Can supporters that once stood firmly behind the company and their favorite star by saying “he was tired” or “he was injured” still continue to insist the same after watching 88 seconds of double u-tee-eff?
Pundits from all over the IWC and fanboy pro wrestling kingdom have universally agreed that TNA could have easily changed things around on the fly if Hardy wasn’t in a clear state to wrestle. They did not.
Not to mention that some sort of drug policy in place would have solved the issue as soon as Jeffrey walked into the Impact Zone.
We can even one step further and argue that it was a slap in the face to the other wrestlers on the card that night.
It’s atrocious that wrestlers such as AJ Styles, Robert Roode and James Storm, Kazarian, Generation Me, Robbie E, Shannon Moore and Jesse Neal, and even Matt Hardy put on very good matches on the undercard, just to play second banana to Jeff Hardy strolling down the ramp like Weekend At Bernie’s.
If this is the modus operandi of a company that “cares about its stars,” it’s no wonder some wrestlers would gladly give their firstborn son to Vince McMahon for a chance to let Mae Young dry hump their leg at Summerslam.
2. Does TNA Really “Care” About Its Fans?
The answer to this question is debatable.
They care about our money; they even care about our viewing habits in regards to the ratings; they care tremendously about our buying into the product. Other than that, they show fans consistently that they care very little for us.
Then again, TNA’s wrestlers often take countless hours out of their schedules to talk to fans, sign autographs, conduct interviews, etc. In this sense, they serve as ambassadors that represent the company, allowing us to that the company cares because the people they employ care.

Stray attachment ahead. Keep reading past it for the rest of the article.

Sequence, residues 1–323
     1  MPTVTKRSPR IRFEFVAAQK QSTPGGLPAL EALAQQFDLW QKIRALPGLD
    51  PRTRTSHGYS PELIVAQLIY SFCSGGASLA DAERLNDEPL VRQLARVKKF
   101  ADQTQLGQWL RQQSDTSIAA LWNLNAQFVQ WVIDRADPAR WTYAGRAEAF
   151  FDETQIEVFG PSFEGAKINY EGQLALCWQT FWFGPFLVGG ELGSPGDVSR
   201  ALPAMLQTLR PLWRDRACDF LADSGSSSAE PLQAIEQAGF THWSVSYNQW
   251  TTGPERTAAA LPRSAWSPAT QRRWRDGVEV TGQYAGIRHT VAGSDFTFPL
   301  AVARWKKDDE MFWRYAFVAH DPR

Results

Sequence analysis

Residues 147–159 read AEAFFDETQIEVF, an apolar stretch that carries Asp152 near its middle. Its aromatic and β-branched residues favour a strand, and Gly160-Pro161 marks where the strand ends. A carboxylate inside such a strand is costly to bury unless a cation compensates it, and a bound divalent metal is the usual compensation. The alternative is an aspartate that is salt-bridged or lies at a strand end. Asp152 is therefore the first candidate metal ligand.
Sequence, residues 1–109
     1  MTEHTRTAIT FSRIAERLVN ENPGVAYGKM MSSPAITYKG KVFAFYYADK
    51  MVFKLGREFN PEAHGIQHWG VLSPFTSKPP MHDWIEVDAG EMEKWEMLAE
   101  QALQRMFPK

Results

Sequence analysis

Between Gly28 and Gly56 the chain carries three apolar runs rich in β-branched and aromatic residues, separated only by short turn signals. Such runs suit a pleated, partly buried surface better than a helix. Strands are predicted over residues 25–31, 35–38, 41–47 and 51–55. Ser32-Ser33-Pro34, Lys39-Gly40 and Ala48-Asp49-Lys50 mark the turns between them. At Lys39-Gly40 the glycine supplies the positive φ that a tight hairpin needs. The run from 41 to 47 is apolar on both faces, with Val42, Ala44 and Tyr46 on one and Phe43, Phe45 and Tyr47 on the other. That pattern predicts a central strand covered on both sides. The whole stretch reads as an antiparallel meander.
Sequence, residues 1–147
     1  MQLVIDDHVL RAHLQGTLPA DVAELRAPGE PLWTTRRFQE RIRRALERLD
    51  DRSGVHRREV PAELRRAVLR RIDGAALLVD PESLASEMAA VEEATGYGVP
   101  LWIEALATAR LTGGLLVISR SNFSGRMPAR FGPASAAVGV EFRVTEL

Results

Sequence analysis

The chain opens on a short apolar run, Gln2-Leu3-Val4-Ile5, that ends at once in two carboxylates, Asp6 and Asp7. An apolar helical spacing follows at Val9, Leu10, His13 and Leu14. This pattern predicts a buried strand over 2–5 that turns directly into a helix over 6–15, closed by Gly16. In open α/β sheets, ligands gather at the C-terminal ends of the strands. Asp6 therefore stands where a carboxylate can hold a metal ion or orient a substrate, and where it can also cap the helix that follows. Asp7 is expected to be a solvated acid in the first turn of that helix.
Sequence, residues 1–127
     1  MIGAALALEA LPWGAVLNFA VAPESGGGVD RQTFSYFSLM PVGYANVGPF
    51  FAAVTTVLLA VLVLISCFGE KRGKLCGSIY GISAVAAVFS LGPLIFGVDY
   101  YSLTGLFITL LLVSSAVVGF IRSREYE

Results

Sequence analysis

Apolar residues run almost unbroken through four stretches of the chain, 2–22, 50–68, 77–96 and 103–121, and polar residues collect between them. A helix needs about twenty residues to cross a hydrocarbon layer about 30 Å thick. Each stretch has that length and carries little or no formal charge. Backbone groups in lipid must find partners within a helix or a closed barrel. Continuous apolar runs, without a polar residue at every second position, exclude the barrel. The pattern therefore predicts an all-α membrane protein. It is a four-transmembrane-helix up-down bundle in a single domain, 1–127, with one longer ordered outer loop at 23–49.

But if the company truly cared about its fans, would it spend three days of planning damage control by issuing a vague statement regarding the injustice they pandered to us on Sunday's pay-per-view?
Given Jeff Hardy’s popularity with the fans, would they have allowed him to saunter out on TV in a questionable condition if they really cared about us?
Given Sting’s popularity, would they have allowed the match to continue—knowing that Hardy wrestling in a compromised state could lead to something dangerous happening to either man in the ring—if they really cared about the fans?
If TNA really cared about the fans, they’d encourage Jeff Hardy to take advantage of WWE’s rehab offer. They would suspend him indefinitely or fire him to send a message that they take drug issues seriously.
They would make a real, intentional and sincere effort to restore credibility with their fans by offering something more than free archived footage and a half-assed acknowledgement of their abomination of a pay per view.
The bottom line is that the company is a business and will do whatever it needs to succeed as a business. What we think doesn’t matter; the only thing worth salvaging is the financial support of the people buying into the product.
While the wrestlers in TNA will give their all to the fans, the company is an institution that is fueled off of our money, not our desires.
As fans, if we truly love Jeff Hardy, we won’t allow TNA to keep him on television when it has become painfully apparent all of his demons are not exorcised.
To expect fans to continue their support of the product after Sunday’s main event fiasco is ludicrous. But to still consider yourself a major force in pro wrestling in the United States after that is even more hilarious.
Then again, let’s look on the bright side; the ratings for tomorrow’s Impact will probably be through the glass ceiling TNA has created for itself. It’s just so sad because that hypothesis is not far from the truth at all.
Just in case you missed the first half of this series, please support my brother Quinn Gammon's efforts in cleansing our pro wrestling palates from pro wrestling foolishness. Check out Part 1 of this Hail Mary!